Heptathlon star overcomes tragedy to seek gold

Dobrynska promises to dedicate win to late husband.


Afp July 19, 2012

KIEV:


The 2008 Olympic heptathlon champion Nataliya Dobrynska, the main rival to British star Jessica Ennis, is making her quest for gold in London just months after the tragic death from cancer of her husband and coach.


On March 9, the 30-year-old Dobrynska danced for joy in the floodlights of Istanbul arena, celebrating her world indoor title. But just 15 days later, her husband Dmitry Polyakov, who was also her personal coach, died of an aggravating cancer at the age of 47.

“He didn’t want anybody to know about his illness except the people closest to him and we kept it secret,” said Dobrynska. “He was a strong man and didn’t want to be the object of anyone’s pity. I want to dedicate my last win at the world championships in Istanbul to him. He was happy with my victory there and regretted that he couldn’t lead me into the London Games.”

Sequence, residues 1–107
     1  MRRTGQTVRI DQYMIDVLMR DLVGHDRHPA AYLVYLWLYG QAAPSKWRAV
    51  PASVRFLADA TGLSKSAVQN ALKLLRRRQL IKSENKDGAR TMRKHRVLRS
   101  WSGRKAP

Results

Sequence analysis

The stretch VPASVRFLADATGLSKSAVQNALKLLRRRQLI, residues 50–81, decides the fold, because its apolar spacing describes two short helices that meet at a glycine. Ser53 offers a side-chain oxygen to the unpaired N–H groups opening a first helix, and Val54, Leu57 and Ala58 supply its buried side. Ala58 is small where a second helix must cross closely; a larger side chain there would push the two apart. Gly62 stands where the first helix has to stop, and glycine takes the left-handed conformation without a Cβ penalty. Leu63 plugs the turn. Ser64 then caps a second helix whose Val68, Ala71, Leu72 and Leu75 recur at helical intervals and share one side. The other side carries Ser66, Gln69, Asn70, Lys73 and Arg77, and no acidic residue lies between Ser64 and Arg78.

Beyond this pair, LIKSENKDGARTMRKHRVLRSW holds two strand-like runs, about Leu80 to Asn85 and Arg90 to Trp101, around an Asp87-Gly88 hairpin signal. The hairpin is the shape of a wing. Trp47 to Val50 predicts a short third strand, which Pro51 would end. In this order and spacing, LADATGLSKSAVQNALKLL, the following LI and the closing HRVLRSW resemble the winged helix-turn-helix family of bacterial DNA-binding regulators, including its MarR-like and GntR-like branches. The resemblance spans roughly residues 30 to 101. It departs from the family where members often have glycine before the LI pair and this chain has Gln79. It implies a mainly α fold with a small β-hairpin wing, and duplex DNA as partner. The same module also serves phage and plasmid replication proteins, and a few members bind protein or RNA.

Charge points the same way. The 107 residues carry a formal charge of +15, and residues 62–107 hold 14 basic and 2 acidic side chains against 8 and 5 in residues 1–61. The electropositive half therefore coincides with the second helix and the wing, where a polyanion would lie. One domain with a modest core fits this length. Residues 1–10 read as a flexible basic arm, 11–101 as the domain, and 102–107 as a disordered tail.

Dobrynska said that despite her husband’s death she has carried out intense preparations for the 2012 Olympics.

“I will do everything that depends on me to win a medal in London. It will be the best possible tribute to the memory of my husband.”

French sprinter hoping to be the Olympics master

Meanwhile, Frenchman Christophe Lemaitre is hoping he can gatecrash the expected Jamaican and American hold over the sprints at the Olympics.

The 22-year-old two-time European 100 metres champion and 2010 200m winner has yet to decide whether he will compete in both sprint distances or focus solely on the 200m. However, he gave a clear hint after running the third fastest time of the year in the event of 19.91 in the 200m at last weekend’s London Diamond League meet.

“Normally I will run the 200m,” said Lemaitre. “I will probably give the 100m a miss. Unless there’s a change of plan where my coach is eager to put me into the mix. Maybe at the next Games I will do both.”

Lemaitre will go to London without the pressure of being the man to beat in either sprint but even if he was he says he showed in the Helsinki meet that he can handle it.

“It proves that despite the pressure of being favourite, despite the pressure triggered by the false starts, I remained focussed, I managed to remain myself.” 

Published in The Express Tribune, July 20th, 2012.

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